As often happens with derogatory terms aimed at a particular community, there’s been a move to re-appropriate the word as a badge of pride by the very group it’s meant to vilify. In street demonstrations and on social media, the image of a snowflake is now used as a symbol of solidarity with left-leaning views. Then there’s the way the insult has been modified and turned back on those who first coined it. In the last few weeks the term ‘broflake’ has begun to spread, used to describe a reactionary man who is himself overly-sensitive of criticism, and is constantly finding offence in feminist or race-related activism which, he feels, is specifically designed to marginalise him and his kind.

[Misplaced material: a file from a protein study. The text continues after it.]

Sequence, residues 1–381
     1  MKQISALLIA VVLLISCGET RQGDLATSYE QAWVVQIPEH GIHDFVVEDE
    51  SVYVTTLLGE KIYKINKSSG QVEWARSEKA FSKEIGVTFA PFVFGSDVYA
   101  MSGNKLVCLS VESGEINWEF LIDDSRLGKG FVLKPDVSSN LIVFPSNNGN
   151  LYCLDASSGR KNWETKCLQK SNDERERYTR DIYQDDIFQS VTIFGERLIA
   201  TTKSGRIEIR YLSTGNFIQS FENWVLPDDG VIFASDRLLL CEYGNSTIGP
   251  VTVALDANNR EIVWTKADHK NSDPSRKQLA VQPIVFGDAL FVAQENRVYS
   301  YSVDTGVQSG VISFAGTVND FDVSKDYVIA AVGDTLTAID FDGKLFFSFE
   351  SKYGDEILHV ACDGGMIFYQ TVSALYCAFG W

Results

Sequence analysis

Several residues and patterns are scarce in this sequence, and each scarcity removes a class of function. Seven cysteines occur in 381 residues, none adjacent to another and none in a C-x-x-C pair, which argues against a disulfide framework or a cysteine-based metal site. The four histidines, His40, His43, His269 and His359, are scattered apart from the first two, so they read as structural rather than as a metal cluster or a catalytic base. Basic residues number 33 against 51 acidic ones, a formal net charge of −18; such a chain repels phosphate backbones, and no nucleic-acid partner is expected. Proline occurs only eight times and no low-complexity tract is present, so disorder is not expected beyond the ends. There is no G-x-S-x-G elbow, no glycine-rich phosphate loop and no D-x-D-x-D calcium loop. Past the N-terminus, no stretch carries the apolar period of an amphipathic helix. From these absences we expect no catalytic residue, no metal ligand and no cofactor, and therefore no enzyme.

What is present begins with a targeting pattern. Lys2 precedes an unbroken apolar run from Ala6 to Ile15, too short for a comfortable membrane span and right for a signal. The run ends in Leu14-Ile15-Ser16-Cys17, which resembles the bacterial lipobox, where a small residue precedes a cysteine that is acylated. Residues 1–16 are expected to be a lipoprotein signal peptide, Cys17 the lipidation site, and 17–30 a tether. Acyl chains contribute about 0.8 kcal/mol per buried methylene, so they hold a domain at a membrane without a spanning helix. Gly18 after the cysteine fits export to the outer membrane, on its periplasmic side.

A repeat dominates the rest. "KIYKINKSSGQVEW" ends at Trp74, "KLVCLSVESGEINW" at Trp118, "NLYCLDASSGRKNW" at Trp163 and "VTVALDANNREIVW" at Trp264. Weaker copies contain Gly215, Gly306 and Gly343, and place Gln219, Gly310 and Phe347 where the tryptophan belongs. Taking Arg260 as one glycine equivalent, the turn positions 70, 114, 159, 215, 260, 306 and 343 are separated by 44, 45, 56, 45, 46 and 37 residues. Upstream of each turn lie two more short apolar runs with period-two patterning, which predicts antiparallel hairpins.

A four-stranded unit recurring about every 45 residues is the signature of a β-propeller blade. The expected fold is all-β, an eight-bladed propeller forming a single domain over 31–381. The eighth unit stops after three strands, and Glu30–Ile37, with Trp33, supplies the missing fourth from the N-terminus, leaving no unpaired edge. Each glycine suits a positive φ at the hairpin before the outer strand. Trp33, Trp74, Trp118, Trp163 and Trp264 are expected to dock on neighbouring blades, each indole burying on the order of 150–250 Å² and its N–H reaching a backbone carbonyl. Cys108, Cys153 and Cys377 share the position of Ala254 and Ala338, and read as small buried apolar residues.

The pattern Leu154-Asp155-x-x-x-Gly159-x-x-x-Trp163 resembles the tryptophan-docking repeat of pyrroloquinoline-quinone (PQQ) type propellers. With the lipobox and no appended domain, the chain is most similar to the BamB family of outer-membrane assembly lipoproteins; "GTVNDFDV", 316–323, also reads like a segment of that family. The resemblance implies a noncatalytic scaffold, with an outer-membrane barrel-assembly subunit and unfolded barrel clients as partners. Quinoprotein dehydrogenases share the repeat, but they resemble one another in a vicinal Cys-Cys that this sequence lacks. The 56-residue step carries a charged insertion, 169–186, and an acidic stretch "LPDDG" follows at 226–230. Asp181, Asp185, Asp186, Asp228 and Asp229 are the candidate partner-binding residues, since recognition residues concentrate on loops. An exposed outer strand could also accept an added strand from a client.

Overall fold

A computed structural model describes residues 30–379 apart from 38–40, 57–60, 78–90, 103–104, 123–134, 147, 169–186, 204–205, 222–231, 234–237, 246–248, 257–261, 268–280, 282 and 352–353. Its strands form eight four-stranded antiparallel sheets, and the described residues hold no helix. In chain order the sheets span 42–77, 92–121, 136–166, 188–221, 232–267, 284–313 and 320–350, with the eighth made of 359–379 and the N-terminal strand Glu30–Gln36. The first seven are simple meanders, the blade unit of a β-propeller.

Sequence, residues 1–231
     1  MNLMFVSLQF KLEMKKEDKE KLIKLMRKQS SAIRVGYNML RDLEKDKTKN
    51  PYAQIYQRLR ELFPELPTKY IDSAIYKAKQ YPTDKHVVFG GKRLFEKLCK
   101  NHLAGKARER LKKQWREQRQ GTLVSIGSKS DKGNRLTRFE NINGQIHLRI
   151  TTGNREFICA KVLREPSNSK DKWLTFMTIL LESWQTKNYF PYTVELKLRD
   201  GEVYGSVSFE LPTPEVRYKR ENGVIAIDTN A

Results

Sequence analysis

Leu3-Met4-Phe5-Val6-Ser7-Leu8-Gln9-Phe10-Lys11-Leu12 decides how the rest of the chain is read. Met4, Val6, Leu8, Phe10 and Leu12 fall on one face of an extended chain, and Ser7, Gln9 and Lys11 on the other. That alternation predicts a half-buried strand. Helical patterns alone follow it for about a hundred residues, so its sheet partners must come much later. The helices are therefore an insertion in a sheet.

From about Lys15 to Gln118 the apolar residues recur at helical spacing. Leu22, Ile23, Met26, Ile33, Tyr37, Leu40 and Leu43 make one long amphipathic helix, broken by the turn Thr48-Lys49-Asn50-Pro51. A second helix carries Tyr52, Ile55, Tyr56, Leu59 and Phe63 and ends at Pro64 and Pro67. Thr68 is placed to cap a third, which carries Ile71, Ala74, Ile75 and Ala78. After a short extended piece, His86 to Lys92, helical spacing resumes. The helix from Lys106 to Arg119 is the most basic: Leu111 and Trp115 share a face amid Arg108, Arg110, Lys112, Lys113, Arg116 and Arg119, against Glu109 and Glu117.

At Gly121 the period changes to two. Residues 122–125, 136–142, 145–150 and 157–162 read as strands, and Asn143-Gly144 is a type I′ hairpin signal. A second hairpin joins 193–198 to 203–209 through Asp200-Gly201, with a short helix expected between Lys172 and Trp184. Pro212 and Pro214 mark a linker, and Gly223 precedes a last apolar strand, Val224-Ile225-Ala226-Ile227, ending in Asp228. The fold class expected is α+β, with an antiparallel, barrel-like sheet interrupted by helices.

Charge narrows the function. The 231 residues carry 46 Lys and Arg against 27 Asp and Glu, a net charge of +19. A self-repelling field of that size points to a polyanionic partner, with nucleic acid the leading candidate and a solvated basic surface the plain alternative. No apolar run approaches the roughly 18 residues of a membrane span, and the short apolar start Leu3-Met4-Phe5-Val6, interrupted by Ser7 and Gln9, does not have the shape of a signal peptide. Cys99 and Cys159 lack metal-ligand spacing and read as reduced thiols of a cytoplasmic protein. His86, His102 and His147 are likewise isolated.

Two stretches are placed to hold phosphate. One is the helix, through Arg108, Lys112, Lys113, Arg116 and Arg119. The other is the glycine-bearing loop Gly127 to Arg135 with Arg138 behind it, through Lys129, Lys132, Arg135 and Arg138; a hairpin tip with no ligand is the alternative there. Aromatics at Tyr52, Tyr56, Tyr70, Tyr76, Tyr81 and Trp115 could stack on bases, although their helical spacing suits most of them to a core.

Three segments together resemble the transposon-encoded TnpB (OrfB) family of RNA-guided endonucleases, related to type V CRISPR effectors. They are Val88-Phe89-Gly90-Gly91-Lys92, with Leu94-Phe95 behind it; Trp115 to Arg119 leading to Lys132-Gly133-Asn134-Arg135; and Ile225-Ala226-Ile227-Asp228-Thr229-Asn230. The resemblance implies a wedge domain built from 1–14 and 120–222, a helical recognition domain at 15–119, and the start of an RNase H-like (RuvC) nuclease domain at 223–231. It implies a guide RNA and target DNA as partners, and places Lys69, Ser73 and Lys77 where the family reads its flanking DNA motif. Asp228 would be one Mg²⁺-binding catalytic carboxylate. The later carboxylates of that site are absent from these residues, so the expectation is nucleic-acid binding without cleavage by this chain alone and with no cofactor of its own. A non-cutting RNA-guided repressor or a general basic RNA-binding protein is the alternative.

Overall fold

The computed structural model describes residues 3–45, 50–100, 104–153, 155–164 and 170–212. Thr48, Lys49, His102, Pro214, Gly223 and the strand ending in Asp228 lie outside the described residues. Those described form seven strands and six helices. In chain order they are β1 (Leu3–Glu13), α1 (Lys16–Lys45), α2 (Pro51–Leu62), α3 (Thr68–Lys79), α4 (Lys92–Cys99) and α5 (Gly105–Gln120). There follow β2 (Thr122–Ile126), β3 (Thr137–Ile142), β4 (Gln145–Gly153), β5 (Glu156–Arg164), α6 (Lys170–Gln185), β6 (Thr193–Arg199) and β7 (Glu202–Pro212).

The linguist George Lakoff suggests that in politics, when arguing against the opposition, you should never ‘use their language because it evokes their frame and not the frame you seek to establish’. Instead, he advises, pick your own words so you can reframe the conversation. This influence of word choice on the way that issues are framed extends right up to newly-coined words. Even those which are not designed to be specifically derogatory can still encode particular values and perspectives. This is sometimes by design, sometimes by accident. But either way it plays an influential part in the politics that shapes the key decisions of our lives.
Dr Philip Seargeant is a Senior Lecturer in Applied Linguistics in the Centre for Language and Communication at The Open University. This article was originally published on the website Open Learn of the Open University, Milton Keynes, and is reproduced here with permission.
Photo: on the streets of Paris, courtesy of Alberto Santangelo © all rights reserved.